The U.S. role in India-Pakistan crises since their nuclearization in 1998 adds another wrinkle to Washington’s ability to maintain the credibility of alliances in nuclear environments. In each South Asian crisis, the U.S. acted as an eager mediator and prioritized de-escalation over all broader foreign policy interests, including alliance preferences. This proved crucial in crisis termination. But it also implied an American propensity to play down the middle and pressure not just Pakistan but also India, which often felt that it could expect full U.S. support. India ’s discontent has led it to search for crisis strategies less reliant on the United States. While it is far too early to assess the implications of the U.S. pullout from the Iranian nuclear deal, U.S. adversaries and allies alike may wonder what it could mean for the credibility of other U.S. nuclear agreements or assurances.
The Nuclear Challenge
North Korea’s denuclearization will be a crucial sign of Washington’s continued commitment — and more important, ability — to prevent the proliferation of nuclear weapons. Failure will not only keep the nuclear debate in Japan and South Korea alive, but also potentially re-embolden states like Iran to pursue the nuclear path. This could create a long-feared domino effect in the Middle East, building pressure on countries like Saudi Arabia to consider its nuclear capability. Such developments will greatly complicate Middle Eastern politics and vital U.S. security interests in the broader Muslim world.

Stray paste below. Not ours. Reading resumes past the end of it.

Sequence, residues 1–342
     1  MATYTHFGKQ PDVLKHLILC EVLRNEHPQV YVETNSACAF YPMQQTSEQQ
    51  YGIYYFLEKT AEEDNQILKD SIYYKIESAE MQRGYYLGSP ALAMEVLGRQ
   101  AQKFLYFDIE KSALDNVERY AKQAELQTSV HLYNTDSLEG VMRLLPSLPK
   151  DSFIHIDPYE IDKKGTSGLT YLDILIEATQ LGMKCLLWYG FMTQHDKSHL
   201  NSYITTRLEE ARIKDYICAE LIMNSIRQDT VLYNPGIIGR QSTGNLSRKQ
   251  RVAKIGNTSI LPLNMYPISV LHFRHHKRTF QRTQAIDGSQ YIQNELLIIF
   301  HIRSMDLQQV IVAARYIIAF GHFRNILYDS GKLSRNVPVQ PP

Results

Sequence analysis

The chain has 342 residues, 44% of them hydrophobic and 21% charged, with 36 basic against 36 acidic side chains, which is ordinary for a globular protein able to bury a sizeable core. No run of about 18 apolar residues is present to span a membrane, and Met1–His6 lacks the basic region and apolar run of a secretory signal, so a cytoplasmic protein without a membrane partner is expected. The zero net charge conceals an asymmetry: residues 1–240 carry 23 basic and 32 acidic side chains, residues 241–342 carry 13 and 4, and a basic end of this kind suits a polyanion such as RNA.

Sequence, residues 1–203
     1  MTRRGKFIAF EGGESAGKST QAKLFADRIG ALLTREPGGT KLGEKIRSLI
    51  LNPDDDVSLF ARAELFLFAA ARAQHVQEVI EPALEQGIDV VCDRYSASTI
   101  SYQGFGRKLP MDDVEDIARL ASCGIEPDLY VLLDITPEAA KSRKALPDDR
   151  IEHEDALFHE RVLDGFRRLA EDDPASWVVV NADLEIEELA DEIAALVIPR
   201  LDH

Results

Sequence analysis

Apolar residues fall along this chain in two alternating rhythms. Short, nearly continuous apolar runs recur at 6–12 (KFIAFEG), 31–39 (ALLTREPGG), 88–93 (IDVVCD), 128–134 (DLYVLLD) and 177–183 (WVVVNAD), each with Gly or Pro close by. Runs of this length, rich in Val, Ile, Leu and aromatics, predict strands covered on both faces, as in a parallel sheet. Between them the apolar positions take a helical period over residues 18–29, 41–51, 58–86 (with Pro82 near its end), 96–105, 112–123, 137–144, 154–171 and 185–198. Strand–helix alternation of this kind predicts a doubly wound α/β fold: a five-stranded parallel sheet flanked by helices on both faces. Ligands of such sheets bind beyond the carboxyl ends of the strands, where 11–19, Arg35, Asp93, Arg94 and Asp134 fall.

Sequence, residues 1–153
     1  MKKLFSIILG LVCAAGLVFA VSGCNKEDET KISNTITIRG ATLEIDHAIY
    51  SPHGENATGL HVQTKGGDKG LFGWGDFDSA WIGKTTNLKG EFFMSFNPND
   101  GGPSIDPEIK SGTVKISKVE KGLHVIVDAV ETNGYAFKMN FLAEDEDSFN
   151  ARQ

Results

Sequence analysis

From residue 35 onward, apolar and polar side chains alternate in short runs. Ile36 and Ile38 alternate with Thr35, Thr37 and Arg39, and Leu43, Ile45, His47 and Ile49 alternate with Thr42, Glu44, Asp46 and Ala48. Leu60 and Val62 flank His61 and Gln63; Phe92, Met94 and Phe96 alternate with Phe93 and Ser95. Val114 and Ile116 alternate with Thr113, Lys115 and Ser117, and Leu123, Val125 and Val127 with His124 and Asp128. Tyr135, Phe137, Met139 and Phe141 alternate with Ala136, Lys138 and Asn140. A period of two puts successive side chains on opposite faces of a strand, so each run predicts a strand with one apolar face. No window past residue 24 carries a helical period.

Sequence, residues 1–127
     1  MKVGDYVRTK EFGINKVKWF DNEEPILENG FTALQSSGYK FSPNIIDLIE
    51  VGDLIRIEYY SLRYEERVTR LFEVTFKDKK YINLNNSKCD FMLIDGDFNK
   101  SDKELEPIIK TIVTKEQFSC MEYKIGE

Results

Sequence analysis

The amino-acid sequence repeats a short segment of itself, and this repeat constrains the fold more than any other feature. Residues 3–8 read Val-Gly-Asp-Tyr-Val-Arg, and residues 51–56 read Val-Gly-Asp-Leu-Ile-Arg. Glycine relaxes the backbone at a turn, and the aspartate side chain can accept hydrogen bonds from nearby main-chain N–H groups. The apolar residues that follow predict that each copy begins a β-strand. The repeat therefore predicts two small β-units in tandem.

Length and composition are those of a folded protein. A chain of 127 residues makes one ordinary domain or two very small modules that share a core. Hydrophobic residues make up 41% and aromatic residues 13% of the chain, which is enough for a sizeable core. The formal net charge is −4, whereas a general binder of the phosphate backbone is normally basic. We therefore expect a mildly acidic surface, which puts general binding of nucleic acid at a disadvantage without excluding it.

Yet, convincing North Korea to give up nuclear weapons without addressing the larger demand side problem could be impossible. Western policymakers must debunk the narrative tying the Iraq War and Gadhafi’s demise in Libya to the absence of weapons of mass destruction in these countries. More broadly, the world’s leading powers must weigh the effects of their foreign policy choices on non-proliferation efforts and avoid decisions that increase demand for nuclear weapons.
A serious move toward denuclearizing the Korean peninsula will require credible guarantees of regime security and economic assistance for Kim. These should be based on the verifiable dismantling of North Korea’s nuclear program and binding assurances of non-aggression against South Korea and Japan. All sides must remain patient. Nuclear diplomacy with North Korea is sure to be a prolonged and tedious journey. Washington will only succeed if it guarantees its allies of its commitment to defend them while emphasizing its opposition to any independent pursuit of nuclear weapons.
Moeed Yusuf is the associate vice president of the Asia center at the United States Institute of Peace. His latest book, “Brokering Peace in Nuclear Environments: U.S. Crisis Management in South Asia” (Stanford University Press, May 2018), offers an innovative theory of brokered bargaining to better understand and solve regional nuclear crises. For commentary on the book, visit his website.